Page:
Turbulent clouds from the North Complex Fire cover our Northern California sky – September 8, 2020

The sun hides its fiery crimson ball behind the gray pall overhead and I can hardly make out the ghostly outline of pines beyond my window. Friends report the sky over San Francisco is a dystopic burnt orange. We’ve all been breathing smoky air for days along the entire west coast and as I write, the Air Quality Index in the Sierra is Hazardous at 303.

So much for my original plans for this Blog: Is Elon Musk Musk’s controversial Neurolink the precursor to Heart Wood’s Nib? I’ll come back to that later. Today I want to write about something more pressing: Is there anything we can do to lessen these massive wildfires, or should we and our children’s children expect to live with them from here on out? Here’s what I’ll cover: 1) Wildfires in California’s future – my artistic literary vision and some scientific projections. 2) How the Paris Agreement is designed to help us locally and world-wide (which the president withdrew the US from, but many states are pushing ahead anyway) 3) One tangible way to impact how our legislators vote for the environment.

So here we are. It’s mid-September and I remind myself that wildfire season in California has only just started. As much as I’m grateful we’re not one of the tens of thousands who have lost their homes to this season’s wildfires already, and I’ve sent donations to the Red Cross to help those who have, I’m so aware that we all share in the destruction of our air quality, respiratory, and environmental health.

I “saw” an eerily similar scene years ago when I was writing about the future in Heart Wood and envisioned Amisha moving about in San Francisco in 2075:

The old vase on her dresser was shimmering red the next morning when Amisha raised her head from the pillow. Most days started this way. Though the rising sun was rarely seen, its warmth caused micrometal particles suspended in the air to scintillate in a vague morning glow, casting a sense of dawn across the city.     (Heart Wood, p 14)

“Micrometal particles” suspended in the air? Though I left the details up to the reader’s imagination, it’s not hard to envision a ghastly mix of wildfire smoke and the toxins emitted from a burning civilization, as well as pollutants from industry and indestructible micro-plastics.

By 2075, wildfires have already burned most of the Sierra as Amisha and Charlie head up into the Sierra:

Amisha took another swig, then returned the canister to its hiding place. “What’s up there?” she asked, pointing to the hint of peaks in the distance. “You askin’ ’bout hills? Not much.” “People?” “They’ve come and gone, mostly farther north.” “Oregon?” “Farther. Canada’s still deciding its immigration policy.” “They say fires took out most of the foothills. Anything survive?” “A structure here and there.” “Trees? People?” “Can’t say,” Charlie climbed back into the wagon. “Why are you going up there?” Amisha asked. “Can’t say that either.”  (Heart Wood p 93)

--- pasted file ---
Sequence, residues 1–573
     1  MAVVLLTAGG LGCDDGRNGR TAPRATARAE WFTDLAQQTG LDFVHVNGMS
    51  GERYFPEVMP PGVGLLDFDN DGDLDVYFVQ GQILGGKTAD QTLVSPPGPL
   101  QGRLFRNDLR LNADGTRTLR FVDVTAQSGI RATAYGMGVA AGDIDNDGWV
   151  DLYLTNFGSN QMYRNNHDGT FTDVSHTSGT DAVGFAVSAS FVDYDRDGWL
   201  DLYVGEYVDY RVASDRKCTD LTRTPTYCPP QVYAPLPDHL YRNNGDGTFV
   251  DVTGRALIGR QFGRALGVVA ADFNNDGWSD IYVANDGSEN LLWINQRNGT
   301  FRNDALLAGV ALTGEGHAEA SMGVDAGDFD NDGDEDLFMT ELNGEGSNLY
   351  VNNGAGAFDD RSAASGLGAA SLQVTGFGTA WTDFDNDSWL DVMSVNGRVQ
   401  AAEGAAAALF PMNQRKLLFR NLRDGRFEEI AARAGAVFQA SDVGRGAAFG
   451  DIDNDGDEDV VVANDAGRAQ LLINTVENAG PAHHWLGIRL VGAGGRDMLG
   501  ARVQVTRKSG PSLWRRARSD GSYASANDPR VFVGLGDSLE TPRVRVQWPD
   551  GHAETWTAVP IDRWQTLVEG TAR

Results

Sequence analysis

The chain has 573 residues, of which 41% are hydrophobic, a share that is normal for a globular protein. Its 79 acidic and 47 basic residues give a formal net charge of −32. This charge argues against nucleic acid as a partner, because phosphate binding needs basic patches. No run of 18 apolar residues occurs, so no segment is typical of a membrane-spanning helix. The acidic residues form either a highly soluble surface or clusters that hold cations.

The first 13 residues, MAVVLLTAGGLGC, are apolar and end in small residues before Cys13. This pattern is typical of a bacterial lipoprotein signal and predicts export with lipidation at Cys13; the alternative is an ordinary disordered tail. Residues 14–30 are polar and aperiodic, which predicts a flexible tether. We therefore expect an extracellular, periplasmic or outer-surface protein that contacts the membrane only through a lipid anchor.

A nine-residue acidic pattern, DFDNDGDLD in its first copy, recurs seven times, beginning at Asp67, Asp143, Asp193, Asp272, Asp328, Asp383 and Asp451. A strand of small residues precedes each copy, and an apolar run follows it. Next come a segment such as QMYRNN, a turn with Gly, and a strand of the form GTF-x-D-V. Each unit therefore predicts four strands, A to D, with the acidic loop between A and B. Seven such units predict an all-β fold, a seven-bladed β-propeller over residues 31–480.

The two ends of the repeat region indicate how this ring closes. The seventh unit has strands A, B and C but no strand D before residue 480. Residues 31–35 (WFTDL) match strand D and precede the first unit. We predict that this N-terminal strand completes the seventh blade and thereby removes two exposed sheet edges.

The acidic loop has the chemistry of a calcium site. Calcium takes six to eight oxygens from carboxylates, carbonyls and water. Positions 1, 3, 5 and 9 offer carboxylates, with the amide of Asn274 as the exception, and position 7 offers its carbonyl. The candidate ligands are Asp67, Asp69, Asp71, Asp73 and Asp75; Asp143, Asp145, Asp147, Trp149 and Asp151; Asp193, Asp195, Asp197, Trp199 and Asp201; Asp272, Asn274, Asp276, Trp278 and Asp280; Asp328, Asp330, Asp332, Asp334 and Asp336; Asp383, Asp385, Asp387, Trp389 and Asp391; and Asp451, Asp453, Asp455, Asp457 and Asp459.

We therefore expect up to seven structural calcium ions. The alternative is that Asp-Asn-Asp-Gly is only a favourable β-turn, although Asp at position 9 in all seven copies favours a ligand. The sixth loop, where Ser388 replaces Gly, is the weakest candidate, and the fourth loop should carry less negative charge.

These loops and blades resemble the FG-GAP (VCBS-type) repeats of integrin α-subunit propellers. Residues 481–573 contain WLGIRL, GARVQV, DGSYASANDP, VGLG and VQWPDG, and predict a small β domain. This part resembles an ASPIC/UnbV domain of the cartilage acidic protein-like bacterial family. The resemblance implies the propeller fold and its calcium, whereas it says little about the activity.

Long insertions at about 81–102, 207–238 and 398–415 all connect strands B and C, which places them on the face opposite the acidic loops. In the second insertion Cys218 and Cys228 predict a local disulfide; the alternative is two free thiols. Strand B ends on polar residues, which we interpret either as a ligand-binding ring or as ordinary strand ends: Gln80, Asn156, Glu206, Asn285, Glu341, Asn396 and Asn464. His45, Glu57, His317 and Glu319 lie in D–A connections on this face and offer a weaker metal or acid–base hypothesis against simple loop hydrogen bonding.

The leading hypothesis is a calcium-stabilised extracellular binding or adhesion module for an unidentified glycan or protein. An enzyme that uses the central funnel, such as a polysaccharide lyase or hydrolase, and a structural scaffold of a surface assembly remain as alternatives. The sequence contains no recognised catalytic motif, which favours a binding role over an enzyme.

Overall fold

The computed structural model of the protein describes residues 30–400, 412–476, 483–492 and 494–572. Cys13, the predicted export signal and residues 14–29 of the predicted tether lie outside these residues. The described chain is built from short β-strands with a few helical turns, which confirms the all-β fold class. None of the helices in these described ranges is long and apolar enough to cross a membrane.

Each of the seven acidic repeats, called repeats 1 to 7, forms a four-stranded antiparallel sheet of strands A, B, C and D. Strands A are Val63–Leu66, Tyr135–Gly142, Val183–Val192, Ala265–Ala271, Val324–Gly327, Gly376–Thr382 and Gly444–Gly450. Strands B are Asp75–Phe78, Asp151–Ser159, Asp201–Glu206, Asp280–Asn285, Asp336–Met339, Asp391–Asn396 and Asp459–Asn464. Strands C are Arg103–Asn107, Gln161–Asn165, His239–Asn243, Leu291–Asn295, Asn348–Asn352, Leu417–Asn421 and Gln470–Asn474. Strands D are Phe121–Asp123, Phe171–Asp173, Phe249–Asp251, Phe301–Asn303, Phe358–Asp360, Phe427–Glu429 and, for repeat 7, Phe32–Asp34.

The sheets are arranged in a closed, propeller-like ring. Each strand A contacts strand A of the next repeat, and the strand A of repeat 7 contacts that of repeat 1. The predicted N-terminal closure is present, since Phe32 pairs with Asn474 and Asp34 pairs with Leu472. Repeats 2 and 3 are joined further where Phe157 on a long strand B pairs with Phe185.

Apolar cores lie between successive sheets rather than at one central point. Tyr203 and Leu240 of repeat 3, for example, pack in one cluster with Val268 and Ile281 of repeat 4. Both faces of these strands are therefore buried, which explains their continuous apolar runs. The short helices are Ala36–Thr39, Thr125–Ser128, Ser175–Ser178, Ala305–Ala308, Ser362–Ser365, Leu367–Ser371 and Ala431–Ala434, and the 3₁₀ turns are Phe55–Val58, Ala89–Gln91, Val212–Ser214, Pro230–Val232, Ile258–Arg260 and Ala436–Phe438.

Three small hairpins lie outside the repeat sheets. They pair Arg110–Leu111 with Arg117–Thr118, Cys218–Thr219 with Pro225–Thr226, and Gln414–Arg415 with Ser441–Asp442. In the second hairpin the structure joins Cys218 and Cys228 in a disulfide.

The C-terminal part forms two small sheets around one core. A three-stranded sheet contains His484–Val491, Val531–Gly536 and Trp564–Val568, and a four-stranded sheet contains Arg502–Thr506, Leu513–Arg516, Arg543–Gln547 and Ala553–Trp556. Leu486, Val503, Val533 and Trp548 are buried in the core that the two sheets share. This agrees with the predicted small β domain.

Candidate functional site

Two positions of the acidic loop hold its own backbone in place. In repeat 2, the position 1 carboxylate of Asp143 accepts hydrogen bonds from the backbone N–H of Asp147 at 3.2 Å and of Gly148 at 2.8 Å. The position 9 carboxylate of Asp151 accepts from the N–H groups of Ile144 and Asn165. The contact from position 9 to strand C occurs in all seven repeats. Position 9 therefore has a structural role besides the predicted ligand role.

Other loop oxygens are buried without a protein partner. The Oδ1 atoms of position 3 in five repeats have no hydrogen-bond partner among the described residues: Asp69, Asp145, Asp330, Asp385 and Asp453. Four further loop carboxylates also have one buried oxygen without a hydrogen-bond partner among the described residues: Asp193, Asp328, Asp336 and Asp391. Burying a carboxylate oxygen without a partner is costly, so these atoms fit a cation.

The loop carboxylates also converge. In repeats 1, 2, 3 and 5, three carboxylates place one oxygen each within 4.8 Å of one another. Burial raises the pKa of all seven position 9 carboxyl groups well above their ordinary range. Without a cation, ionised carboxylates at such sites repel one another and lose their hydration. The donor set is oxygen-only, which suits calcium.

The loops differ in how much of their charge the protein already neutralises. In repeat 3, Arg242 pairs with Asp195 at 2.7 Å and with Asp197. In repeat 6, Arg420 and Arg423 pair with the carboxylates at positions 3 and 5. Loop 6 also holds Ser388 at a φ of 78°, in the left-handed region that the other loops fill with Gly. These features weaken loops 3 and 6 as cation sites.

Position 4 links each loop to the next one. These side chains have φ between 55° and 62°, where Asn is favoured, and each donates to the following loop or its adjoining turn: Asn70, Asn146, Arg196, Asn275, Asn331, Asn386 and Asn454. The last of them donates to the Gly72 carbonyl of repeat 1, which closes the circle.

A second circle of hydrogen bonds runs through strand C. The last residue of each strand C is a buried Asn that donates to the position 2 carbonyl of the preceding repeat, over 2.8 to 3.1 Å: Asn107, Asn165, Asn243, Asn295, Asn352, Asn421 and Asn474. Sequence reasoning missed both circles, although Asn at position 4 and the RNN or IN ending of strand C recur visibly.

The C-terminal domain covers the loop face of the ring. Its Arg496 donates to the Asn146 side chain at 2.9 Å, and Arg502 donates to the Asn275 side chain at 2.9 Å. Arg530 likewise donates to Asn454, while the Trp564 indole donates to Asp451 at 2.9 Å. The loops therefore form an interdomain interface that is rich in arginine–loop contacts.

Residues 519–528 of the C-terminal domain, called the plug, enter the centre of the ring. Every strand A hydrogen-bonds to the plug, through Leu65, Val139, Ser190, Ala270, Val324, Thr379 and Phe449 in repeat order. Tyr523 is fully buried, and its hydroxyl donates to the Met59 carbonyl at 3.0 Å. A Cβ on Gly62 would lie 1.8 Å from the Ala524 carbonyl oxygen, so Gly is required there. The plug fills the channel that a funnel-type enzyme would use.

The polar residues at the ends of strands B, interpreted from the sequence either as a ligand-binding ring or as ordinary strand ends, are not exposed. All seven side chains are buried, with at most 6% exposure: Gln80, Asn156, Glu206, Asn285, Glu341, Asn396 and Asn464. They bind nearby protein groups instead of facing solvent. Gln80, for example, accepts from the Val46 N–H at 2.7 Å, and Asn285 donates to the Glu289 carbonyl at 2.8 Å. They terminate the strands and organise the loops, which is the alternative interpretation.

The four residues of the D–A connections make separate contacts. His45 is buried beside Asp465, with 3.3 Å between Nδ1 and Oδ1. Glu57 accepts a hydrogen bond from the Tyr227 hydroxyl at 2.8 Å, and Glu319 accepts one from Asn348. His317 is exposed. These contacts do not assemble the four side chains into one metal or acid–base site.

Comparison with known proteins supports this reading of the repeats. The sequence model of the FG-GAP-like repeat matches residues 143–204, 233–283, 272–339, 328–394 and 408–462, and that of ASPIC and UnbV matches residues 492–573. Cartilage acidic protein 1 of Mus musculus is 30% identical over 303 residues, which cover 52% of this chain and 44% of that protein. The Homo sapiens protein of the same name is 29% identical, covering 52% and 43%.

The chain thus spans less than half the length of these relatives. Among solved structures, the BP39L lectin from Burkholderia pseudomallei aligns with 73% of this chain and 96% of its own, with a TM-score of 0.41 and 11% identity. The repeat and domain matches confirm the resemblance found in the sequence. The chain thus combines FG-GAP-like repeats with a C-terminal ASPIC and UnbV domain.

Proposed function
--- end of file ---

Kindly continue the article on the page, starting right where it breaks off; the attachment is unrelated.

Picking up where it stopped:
These 2075 scenarios were heavily influenced by the study: California’s Fourth Climate Change Assessment, 2018 sent to me by Ashley Overhouse, River Policy Manager for SYRCL (South Yuba Citizen’s League: https://yubariver.org/)  The study gives projections for California in 2100 (temperature, water, wildfire, sea level, public health, communities, and governance). Here’s what they say about future wildfires in California (https://climateassessment.ca.gov/)

Projections: Wildfire

From: https://www.energy.ca.gov/sites/default/files/2019-11/Statewide_Reports-SUM-CCCA4-2018-013_Statewide_Summary_Report_ADA.pdf

Impact: Climate change will make forests more susceptible to extreme wildfires. By 2100, if greenhouse gas emissions continue to rise, one study found that the frequency of extreme wildfires burning over approximately 25,000 acres would increase by nearly 50 percent, and that average area burned statewide would increase by 77 percent by the end of the century.

TABLE 9 | CLIMATE IMPACTS IN CALIFORNIA UNDER DIFFERENT EMISSION SCENARIOS

Table 9 presents estimated impacts to California assuming compliance with the Paris goals, as compared to a historic baseline and RCP 8.5 scenario. (RCP 8.5 is a business-as-usual (BAU) scenario that would result in atmospheric CO2 concentrations exceeding 900 parts per million (ppm) by 2100, more than triple the level present in the atmosphere before human emissions began to accumulate).

SCENARIO
CLIMATE IMPACT IN CALIFORNIABASELINE: 1976 – 2005RCP 8.5 End of CenturyPARIS AGREEMENT 1.5°CPARIS AGREEMENT 2°C
Annual Average Temperature14°C (57ºF)19°C (66ºF)15.2°C (59ºF)15.6°C (60ºF)
Number of extreme hot days: Sacramento1.614.32.42.9